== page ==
Supply Chain, Trucking

Supply Chain Disruptions: When Unexpected Disasters Hit

By Point To Point on February, 24 2021
Point To Point

Supply chain disruptions tend to strike when we least expect them. In many cases, they are often the result of events that are out of our control. From inclement weather to international relations, and even pandemics, on-time freight delivery can never be fully guaranteed. However, planning ahead and communicating with consumers can help shippers and service providers reduce the impact. 

The Impact of Supply Chain Disruptions On Freight

The winter storms that struck several states across the U.S. in February 2021 were a mindful reminder that the transportation industry is often at the mercy of Mother Nature. As millions in Texas and throughout the South struggled with mass power and water outages, frontline truck drivers were also unable to move freight in and out of certain areas due to hazardous road conditions.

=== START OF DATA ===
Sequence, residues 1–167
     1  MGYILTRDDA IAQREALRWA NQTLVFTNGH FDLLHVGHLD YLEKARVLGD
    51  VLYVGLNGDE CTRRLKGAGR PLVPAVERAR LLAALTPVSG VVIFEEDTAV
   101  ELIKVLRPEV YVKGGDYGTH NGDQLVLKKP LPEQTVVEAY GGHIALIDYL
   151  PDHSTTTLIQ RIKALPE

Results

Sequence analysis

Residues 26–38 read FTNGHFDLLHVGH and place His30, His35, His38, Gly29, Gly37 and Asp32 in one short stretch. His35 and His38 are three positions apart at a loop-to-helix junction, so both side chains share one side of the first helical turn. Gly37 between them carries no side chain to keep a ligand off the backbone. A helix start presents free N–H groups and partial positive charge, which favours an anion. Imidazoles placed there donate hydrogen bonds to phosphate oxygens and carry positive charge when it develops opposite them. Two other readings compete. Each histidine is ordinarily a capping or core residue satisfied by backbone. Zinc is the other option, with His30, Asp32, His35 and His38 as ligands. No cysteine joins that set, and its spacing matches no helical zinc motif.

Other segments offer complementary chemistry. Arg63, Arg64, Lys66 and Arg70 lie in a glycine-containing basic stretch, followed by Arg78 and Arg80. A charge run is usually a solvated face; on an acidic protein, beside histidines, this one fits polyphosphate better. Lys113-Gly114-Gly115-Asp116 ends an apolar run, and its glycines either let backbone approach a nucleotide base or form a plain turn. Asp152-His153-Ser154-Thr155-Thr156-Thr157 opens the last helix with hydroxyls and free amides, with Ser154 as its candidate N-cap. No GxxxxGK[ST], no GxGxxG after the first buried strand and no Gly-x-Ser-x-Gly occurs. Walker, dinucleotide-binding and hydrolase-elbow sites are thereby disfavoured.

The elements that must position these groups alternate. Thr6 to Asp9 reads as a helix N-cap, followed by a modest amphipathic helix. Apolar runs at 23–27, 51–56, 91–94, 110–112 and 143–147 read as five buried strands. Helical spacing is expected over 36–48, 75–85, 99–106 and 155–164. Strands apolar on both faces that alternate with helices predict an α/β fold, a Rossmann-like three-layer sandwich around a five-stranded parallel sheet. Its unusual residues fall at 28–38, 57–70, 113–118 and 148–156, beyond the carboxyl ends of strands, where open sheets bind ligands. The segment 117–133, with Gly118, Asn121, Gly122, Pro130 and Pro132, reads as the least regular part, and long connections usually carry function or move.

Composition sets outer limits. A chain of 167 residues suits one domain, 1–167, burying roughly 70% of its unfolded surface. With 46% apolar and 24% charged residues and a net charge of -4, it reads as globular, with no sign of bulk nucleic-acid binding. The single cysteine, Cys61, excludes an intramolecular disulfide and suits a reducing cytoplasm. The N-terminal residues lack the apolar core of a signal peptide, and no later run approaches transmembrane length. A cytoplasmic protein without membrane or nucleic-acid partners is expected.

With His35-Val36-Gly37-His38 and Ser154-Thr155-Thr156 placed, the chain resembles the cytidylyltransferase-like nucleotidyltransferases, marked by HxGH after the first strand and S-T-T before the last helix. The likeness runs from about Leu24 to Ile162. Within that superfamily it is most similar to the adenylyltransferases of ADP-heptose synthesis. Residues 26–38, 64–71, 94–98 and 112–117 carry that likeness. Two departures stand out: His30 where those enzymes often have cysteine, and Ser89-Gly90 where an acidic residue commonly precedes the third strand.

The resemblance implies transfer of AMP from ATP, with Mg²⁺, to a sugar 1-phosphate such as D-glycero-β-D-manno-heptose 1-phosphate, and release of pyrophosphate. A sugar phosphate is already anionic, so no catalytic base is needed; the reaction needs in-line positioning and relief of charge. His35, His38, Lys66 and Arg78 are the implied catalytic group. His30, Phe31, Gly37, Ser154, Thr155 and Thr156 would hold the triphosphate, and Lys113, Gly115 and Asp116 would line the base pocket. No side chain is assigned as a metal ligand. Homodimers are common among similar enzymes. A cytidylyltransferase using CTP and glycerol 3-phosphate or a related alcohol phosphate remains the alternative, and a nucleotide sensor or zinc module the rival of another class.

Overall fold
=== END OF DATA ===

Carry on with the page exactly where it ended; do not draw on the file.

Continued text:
With an economy larger than many countries, the flow of freight to and from Texas caused rippling effects across the country. For example, some manufacturing plants in other states had to temporarily suspend operations due to the inability to receive raw materials and freight from origins in Texas. Within Texas and other hard-hit areas, many store shelves became empty since truck drivers could not make stock deliveries.

Consequentially, supply chain disruptions can cause more than a headache for shippers and businesses. The end-consumers are also impacted when the freight stops flowing.

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What Happens To Freight In Transit?